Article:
I have a new box-shaped gadget in my kitchen that takes the food you put in it and turns it into something akin to soil. This is the Vitamix FoodCycler FC-50, a cubic-foot machine with a cylindrical inner chamber that’s about the size of a beach bucket. Fill that bucket with food scraps, let it churn away for several hours, and open it to find something that looks like dirt, extra large fish-food flakes, or some combination thereof. My wife Elisabeth keeps a yogurt container labeled “Fresh Dirt” next to the FoodCycler to store its output. Sometimes the output smells like the faint whiff of trash in a city you’ve never visited. Sometimes it almost smells pleasant. Elisabeth, who’s been on a kombucha-brewing kick lately, did a batch using just the scobys and spent tea leaves, and it all came out smelling like an exotic scent that a parfumier might fold into an eau de cologne.
I immediately got lost in figuring out who this device is made for. Chez Joe in Seattle, for example, we have a city bin for yard and food waste. The trash truck picks it up and carts it away every Thursday. I keep a compost bucket on the kitchen floor, along with a mini version of it next to my prep area. I also have a bag in the freezer with chicken bones and scraps like leek greens, onion tops, and Parmesan rinds, and every few weeks when the bag fills up, I turn its contents into a couple quarts of stock. Growing up in New Hampshire, we’d wing corncobs into the woods from the back deck, and all other veg scraps went into the expansive compost pile at the back edge of the yard. If Mom and Dad needed dirt for their good-sized garden, they’d just dig up a bit. Now, when I need dirt for my rooftop planters, I buy a new bag at the hardware store.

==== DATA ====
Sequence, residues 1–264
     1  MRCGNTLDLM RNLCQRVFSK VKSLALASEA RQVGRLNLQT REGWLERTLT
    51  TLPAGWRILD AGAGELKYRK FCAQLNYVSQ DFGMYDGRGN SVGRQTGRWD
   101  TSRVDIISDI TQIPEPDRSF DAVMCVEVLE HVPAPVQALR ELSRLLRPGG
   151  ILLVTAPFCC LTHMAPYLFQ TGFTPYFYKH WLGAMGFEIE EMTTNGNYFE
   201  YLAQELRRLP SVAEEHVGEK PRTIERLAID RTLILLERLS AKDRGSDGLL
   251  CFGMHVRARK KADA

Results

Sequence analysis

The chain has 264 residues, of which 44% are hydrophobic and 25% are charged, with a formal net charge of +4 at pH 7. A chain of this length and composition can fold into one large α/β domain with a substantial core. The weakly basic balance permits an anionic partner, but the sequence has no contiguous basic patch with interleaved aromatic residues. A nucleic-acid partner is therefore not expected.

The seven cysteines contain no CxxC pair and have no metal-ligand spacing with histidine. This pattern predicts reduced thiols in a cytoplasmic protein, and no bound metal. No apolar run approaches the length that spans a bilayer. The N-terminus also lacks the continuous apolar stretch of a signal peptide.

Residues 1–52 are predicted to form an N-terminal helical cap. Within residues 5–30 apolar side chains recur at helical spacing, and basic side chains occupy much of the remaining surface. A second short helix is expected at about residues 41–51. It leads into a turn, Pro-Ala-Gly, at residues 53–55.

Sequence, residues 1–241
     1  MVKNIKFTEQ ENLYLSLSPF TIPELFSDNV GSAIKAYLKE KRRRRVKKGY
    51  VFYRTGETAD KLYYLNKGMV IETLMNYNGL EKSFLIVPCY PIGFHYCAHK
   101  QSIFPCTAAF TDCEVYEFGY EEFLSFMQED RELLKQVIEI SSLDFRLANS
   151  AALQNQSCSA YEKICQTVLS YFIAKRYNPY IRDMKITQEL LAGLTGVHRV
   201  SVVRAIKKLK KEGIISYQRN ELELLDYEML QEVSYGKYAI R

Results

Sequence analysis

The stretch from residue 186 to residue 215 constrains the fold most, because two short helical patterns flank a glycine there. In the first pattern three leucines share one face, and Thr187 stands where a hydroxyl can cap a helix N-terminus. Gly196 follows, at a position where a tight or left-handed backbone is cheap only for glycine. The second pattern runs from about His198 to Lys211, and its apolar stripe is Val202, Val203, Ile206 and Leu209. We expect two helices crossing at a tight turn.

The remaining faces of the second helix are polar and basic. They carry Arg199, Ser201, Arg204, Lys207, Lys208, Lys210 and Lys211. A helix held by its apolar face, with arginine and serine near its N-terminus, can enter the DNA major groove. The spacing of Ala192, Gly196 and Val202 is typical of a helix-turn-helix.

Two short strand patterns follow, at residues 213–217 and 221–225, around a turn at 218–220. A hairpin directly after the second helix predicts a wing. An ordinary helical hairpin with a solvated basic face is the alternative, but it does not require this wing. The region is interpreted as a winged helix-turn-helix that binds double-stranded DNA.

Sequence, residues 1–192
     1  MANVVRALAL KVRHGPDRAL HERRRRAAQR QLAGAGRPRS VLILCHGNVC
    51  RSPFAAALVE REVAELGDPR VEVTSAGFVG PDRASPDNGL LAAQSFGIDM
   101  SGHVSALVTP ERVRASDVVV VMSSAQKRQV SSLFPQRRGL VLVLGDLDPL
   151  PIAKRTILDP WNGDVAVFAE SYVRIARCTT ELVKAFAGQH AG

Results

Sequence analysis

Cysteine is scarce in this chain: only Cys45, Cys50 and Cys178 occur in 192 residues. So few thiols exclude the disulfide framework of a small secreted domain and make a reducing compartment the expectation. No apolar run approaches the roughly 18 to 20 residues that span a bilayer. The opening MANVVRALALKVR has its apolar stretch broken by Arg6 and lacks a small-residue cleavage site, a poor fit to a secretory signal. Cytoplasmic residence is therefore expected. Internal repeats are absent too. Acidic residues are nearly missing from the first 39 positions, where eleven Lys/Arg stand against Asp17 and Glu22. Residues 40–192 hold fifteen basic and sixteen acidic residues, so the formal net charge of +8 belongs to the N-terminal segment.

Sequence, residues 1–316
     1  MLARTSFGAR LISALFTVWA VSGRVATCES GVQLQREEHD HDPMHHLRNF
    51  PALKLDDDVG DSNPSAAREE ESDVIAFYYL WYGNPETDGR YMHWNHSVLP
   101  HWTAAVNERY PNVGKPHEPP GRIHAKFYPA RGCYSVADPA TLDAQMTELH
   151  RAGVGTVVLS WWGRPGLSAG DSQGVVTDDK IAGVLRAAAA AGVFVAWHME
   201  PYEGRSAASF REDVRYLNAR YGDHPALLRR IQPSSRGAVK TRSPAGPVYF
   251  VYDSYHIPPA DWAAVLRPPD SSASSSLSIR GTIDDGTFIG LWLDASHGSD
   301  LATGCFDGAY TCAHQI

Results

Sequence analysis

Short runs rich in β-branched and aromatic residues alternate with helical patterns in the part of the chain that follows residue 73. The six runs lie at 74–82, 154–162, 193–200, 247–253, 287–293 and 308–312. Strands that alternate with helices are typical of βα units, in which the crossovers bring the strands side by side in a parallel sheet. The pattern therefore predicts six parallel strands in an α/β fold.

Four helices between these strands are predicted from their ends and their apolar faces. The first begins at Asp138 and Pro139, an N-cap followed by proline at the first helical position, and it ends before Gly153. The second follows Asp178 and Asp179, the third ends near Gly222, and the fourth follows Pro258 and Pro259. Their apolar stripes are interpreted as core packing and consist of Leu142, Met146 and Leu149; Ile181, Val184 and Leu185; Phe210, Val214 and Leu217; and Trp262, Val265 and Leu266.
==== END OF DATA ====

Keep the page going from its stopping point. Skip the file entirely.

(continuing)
In these cases, the FoodCycler would have limited value. I don’t think there’s no use for it, but once I had it in my kitchen, I realized it’s only going to serve a tiny little niche—and I can’t quite figure out who fits inside that niche. Perhaps you’re in a suburb where there’s no food-waste recycling program, and you’re tired of throwing cooking scraps in the trash. Maybe you want to experiment in making some sort of super compost, and the thought of a $300 gadget is more appealing than a $10 bag of dirt from Lowe’s. It could be that you don’t have room for a compost pile or you want something to feed to your indoor gardening project during a frosty winter.